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July 21, 2008

Billie Jean King

THE MODERATOR: Talk about why it's special to be here.
BILLIE JEAN KING: I think it's special because the playoffs are on the line. Both teams still have an opportunity. This happens almost every year. We're a short season, and it seems like every year we get down to the last two or -- actually last year I think on the last night it was decided who was in the playoffs. It looks like it could get down to the last night again.
Tonight is vital for both teams, really, I think. Do I have that right? There's always different scenarios. I read that Brian Hicks, our IT guy -- Sacramento has a chance, Newport has a chance, I think Boston has a chance, as well. I'm telling you, it's just tight. If I went through the scenarios, I'd have to go through two, three scenarios, so I'm not going to do that.
But it's important because we're getting down to the short -- I mean, we have three more matches tonight, Tuesday night, and then we have Kansas City -- the Breakers have Kansas City on Wednesday. Do I have that right? I think I have that right.
Ramon has become a real star here. I checked into the hotel, and everybody was talking about Ramon. It's great. There's so many terrific players in our sport that don't get recognized, and that's why World Team Tennis is so great. Sam Warburg, for instance, in Sacramento is a big deal. He's not going to be a big deal at Wimbledon, but that's what's great. You have 800 players that play Major League Baseball, and if you say, the guy is a Major League Baseball player, everyone goes, oh, wow, that's great. I want people in the world to recognize all the great tennis players we have.
In the men's rankings we have over 2,000 rankings for the top level throughout the world, and in the women I think we're up to 1,500. It's incredible the amount of great players that people never see, never learn about. The one thing I love with World Team Tennis is you can be a star for your team, you can be a role player like in basketball or other sports. And that's what's important, that we get more players appreciated because they're really great players and they have great wins over some of the best players in the world, and nobody ever realizes it.

Q. (Indiscernible.)
BILLIE JEAN KING: Ramon has got wins over Sampras, he's got wins over a lot of players. Ramon is perfect for World Team Tennis because he can play singles, doubles and mixed if we need him, if Coach Kronemann needs him, and also, he is very entertaining. He's got that extra little flair and energy that people love. He's a great entertainer, and that's also -- I mean, that's kind of a God-given -- that's usually God-given, what he's got. I call it the "it" factor. People love him, men and women. People at the hotel are talking about him. He's our local, our Breakers hero, and I appreciate him playing year after year, which makes a difference, as well. They get to know him over time. We've got our desperate housewives for him.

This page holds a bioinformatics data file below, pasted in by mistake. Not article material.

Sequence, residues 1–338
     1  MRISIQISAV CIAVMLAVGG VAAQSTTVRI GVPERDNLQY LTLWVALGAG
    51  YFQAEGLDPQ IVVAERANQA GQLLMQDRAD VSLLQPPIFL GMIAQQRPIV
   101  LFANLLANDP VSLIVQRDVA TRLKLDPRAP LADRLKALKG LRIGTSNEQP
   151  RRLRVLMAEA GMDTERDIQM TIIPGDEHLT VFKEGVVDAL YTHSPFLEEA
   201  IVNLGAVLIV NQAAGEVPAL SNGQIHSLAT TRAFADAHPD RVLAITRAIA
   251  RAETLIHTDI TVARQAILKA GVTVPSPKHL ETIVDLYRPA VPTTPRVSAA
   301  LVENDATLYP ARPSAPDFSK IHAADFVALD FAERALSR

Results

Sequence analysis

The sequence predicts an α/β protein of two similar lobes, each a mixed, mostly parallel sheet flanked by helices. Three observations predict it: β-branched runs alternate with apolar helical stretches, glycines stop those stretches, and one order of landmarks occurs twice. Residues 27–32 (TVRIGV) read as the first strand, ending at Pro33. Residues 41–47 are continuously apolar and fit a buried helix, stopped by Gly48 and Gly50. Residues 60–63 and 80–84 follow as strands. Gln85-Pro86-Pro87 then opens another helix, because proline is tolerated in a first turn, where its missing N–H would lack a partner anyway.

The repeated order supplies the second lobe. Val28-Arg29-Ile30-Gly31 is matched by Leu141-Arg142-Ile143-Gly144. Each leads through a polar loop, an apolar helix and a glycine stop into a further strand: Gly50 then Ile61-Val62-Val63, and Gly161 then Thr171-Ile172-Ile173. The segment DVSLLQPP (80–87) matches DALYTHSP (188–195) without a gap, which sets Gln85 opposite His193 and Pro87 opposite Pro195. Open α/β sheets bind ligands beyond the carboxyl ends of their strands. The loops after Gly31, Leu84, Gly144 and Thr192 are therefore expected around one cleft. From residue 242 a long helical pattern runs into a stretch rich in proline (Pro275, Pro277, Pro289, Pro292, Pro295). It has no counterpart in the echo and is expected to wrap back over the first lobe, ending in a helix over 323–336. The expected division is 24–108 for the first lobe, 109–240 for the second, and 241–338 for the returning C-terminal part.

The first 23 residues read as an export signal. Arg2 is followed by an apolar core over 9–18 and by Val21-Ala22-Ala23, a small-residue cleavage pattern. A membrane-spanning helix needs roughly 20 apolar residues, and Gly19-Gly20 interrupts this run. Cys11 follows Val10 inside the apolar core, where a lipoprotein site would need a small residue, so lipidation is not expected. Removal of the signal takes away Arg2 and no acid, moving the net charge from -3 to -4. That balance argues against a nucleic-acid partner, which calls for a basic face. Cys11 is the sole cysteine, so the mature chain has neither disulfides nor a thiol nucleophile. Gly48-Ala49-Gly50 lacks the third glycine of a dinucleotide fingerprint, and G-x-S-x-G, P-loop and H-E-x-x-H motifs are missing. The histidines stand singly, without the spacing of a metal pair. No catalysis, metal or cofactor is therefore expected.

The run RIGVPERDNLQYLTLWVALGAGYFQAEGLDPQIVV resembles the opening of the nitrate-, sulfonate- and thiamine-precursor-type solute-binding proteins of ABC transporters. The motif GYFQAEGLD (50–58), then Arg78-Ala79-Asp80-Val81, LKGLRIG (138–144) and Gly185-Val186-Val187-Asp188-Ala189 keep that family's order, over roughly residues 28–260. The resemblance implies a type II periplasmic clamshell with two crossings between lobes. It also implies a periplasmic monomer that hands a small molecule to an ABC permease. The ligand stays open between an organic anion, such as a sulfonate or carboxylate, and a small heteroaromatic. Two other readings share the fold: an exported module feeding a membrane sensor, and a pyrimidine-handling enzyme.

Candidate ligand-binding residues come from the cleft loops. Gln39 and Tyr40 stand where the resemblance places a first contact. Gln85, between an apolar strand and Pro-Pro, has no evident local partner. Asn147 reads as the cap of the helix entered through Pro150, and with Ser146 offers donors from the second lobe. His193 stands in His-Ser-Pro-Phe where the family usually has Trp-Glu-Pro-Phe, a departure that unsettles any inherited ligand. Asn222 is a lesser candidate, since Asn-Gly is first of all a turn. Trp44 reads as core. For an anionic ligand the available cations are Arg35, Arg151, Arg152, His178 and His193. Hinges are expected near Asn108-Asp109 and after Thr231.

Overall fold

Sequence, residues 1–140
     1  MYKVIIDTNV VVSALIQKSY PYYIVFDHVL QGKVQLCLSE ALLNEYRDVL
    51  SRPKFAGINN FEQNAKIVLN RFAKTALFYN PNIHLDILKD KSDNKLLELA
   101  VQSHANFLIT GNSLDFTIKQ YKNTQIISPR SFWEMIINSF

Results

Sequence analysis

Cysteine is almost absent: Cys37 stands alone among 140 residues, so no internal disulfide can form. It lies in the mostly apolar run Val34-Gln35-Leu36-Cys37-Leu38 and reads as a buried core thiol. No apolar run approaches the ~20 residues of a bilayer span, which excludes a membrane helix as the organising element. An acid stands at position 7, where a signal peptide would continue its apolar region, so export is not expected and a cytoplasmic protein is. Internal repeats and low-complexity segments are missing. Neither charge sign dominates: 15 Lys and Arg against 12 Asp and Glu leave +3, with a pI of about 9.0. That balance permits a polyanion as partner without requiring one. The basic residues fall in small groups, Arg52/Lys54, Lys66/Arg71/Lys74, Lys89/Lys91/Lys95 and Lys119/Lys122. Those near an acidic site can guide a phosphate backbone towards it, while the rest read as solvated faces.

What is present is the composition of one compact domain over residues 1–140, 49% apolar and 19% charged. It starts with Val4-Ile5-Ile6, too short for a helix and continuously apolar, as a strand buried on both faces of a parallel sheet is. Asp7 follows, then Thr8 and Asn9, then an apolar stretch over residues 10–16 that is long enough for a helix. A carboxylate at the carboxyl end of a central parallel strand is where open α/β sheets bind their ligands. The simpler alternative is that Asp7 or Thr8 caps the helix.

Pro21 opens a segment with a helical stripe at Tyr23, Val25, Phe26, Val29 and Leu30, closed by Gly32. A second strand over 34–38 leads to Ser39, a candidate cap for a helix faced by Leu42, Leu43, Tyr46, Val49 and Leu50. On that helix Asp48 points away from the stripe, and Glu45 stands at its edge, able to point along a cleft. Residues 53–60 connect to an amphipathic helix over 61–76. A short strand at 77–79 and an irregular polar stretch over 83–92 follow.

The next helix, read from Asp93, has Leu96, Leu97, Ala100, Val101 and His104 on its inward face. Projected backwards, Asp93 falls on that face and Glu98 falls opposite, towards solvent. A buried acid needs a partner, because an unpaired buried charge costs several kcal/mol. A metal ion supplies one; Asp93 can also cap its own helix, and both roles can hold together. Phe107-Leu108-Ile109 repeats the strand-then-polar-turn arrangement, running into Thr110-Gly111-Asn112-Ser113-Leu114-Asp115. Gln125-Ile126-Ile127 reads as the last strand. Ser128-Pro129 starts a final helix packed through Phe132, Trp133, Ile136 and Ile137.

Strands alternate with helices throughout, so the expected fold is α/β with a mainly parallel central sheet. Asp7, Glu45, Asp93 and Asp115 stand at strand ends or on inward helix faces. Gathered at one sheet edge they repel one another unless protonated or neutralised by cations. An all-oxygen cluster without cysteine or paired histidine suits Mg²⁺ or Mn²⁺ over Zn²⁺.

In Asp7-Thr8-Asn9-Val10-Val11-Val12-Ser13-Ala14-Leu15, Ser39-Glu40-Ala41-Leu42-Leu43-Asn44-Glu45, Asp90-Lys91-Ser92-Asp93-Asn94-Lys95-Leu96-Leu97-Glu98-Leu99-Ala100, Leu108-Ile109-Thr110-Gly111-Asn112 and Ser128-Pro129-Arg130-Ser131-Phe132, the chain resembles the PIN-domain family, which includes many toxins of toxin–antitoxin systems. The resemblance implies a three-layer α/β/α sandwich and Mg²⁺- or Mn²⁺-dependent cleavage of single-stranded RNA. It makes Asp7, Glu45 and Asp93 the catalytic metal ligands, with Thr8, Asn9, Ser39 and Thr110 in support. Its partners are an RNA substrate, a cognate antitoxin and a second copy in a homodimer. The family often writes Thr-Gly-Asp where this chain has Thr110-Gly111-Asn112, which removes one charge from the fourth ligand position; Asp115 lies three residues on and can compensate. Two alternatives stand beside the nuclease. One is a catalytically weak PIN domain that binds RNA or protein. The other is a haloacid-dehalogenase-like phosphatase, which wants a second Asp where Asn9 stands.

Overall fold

You've got to love all that stuff. And the kids, he's very good with the young people. But the whole team is. I really love this team, and I hope the community and beyond in this area, in southern California, appreciate them, too. It's fun. The ball kids are great. They keep growing up every year. I can't recognize them.

Q. (Indiscernible.)
BILLIE JEAN KING: It's not about being casual. It's still competitive, but it's more like a team sport. It's more like what you see in basketball or baseball or other sports. I grew up in team sports, as well. Some of you know my younger brother was a Major League Baseball player. So I played baseball, softball, touch football. My parents wouldn't let me play tackle.
So tennis was my last sport, but I loved teams. I always promised myself someday if we could ever -- I think coed, too. I think coed is the greatest.
And I love doubles over singles. Three out of the five sets, 60 percent of the scoring effort, is in doubles, which I think makes it much more of a team effort.